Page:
In the wake of the 2010–11 revolution, the interim government under Mebazaa established three commissions to address specific aspects of the causes and aftermaths of the crisis. These are the Commission on Constitutional Reforms (Higher National Commission on Political Reforms), which was mandated to recommend appropriate constitutional and other reforms; the Fact-Finding Commission on Corruption and Embezzlement, mandated to investigate official corruption under the ousted administration of Ben Ali; and the National Fact-Finding Commission on Human Rights to investigate allegations of human rights abuses committed specifically during the uprising.

Each of these investigative commissions were composed of members from various sectors, including civil society groups, the private sector, political interests and organised labour. Within a few weeks of its establishment, the Fact-Finding Commission on Human Rights received about 238 cases of extrajudicial killings during the uprising and 1,965 cases of other forms of human rights violations.

Despite many challenges – including lack of trust in the leadership of these commissions, the problem of funding and especially the problem of disappeared relevant government archives intended for use by the Commission on Corruption and Embezzlement – two of the commissions submitted their final reports and made recommendations on their respective mandates.

The Fact-Finding Commission on Human Rights released its final report in May 2012, publishing the names of victims killed or injured, along with the nature of their injuries. According to the report, 132 people were killed and 1,452 were injured during the uprising. The Fact-Finding Commission on Corruption and Embezzlement examined 5,000 claims, held over 120 hearings and referred 300 cases to the Public Prosecutor.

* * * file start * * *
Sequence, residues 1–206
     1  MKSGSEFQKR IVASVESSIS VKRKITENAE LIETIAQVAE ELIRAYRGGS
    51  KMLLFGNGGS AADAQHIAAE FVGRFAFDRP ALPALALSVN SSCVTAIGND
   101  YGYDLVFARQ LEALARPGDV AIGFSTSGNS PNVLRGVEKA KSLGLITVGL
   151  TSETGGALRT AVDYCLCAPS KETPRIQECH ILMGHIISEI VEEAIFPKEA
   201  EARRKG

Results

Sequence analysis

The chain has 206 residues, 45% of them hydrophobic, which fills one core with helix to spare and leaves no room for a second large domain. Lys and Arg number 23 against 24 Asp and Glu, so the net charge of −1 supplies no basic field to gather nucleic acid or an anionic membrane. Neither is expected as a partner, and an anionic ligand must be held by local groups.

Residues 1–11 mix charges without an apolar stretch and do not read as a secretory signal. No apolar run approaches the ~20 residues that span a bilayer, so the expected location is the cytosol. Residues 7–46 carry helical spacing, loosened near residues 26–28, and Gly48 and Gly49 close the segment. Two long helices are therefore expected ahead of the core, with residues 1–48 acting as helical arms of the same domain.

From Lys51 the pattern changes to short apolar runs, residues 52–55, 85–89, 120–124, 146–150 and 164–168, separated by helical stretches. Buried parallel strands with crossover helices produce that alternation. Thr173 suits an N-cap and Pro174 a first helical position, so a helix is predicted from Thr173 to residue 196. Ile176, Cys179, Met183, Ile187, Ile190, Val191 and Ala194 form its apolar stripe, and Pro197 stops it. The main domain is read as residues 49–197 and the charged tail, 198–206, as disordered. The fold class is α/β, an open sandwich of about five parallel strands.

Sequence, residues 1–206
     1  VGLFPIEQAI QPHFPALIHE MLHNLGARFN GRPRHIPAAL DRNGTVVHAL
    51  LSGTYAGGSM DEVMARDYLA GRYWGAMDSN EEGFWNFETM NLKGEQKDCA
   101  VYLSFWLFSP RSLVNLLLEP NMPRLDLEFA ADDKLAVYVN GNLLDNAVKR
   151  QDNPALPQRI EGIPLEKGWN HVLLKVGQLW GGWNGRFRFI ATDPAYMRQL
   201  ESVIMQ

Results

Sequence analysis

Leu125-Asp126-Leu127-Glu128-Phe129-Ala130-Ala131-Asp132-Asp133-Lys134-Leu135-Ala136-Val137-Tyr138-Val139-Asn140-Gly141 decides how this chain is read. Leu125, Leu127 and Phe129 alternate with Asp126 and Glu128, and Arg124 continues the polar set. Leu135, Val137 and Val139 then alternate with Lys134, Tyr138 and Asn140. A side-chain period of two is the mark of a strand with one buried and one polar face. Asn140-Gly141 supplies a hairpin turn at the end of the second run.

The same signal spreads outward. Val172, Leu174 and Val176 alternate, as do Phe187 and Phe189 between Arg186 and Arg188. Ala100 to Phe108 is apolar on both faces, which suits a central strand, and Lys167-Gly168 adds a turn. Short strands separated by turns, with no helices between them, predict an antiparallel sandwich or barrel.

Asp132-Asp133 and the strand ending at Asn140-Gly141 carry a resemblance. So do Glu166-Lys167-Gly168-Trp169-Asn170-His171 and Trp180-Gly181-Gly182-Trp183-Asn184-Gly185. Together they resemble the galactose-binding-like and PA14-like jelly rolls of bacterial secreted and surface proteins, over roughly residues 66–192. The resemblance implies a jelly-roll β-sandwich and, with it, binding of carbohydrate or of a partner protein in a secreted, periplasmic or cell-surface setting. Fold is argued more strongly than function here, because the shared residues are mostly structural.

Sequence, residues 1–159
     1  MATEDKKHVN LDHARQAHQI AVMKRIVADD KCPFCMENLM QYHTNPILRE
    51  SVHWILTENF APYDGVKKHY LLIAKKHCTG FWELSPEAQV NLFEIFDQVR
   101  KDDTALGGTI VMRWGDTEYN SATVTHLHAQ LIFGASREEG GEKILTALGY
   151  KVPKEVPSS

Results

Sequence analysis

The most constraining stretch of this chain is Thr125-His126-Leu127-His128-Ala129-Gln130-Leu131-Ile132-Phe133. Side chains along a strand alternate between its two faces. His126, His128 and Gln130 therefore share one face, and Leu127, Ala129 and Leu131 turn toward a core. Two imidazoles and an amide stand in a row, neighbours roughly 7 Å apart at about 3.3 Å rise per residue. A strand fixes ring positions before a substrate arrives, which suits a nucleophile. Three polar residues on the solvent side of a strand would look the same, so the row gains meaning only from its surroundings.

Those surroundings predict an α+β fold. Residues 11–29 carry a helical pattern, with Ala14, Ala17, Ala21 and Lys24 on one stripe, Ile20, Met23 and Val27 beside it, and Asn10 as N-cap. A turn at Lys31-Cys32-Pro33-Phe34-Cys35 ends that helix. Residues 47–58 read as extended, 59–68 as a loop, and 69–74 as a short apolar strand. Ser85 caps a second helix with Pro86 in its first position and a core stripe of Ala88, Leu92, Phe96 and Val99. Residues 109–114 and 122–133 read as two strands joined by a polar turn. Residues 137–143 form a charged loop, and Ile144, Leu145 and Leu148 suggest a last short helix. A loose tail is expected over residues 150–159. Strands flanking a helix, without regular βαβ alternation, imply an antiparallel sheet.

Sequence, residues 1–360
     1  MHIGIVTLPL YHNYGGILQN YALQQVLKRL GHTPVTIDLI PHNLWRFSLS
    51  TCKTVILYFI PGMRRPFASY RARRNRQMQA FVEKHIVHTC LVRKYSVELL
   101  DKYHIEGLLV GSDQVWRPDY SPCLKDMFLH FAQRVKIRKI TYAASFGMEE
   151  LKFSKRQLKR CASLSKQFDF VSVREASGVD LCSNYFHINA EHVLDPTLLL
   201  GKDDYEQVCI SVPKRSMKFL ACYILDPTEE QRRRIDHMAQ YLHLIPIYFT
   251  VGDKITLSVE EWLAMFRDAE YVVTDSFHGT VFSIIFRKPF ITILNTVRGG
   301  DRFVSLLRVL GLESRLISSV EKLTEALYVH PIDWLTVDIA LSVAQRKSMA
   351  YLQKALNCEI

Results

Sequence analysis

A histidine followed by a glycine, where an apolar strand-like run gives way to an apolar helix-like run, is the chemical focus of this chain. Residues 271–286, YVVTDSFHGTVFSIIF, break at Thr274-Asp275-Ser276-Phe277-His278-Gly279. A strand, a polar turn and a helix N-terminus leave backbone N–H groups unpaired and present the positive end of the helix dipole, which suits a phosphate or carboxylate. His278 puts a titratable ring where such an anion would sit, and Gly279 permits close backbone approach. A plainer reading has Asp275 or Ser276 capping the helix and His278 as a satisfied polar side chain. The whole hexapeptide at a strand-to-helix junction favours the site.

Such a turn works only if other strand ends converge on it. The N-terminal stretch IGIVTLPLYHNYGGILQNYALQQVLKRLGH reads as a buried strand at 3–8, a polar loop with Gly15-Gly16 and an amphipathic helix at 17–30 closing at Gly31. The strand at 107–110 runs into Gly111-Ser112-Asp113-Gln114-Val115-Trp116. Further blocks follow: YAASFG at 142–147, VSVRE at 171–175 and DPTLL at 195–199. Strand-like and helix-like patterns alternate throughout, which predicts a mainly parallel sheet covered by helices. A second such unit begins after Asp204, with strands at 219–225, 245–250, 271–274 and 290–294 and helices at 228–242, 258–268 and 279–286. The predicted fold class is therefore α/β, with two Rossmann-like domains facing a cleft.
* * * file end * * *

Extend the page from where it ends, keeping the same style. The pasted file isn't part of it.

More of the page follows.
Continuous protest and lack of trust regarding the composition of the Commission on Constitutional Reforms compelled the interim government to instead conduct a Constituent Assembly election in July 2011 to take over the mandate of the commission. The Constituent Assembly was mandated with drafting a new constitution, paving the way for presidential elections in December 2014.

Ministry of Human Rights and Transitional Justice

Perhaps Tunisia’s most innovative initiative in the field of transitional justice was its establishment of the Ministry of Human Rights and Transitional Justice in October 2011. The ministry was tasked with designing a transitional justice framework for the country, to help it address its experiences with human rights violations in particular, and with other legacies of the despotic regimes from its independence to the end of the Ben Ali administration.

Headed by Samir Dilouas, a renowned member of the Ennahdha party who himself was a political prisoner,[7] the ministry engaged several segments of society in a national dialogue for transitional justice, and effectively moderated the national discussion of what a Tunisian-style transitional justice process ought to look like.

The ministry faced many challenges, including of legitimacy, especially among civil society and victim-led organisations, which considered its composition as an attempt by the competing political interests in the country to monopolise the process. The ministry also faced tensions and calls for its disbandment after its minister pushed for a law to award immediate financial reparations to former political prisoners who were granted amnesty immediately after the revolution. Many considered this a ploy to financially reward the minister and members of the Ennahdha party, who constituted a large part of the political prisoners under the Ben Ali regime. The proposed law was dropped.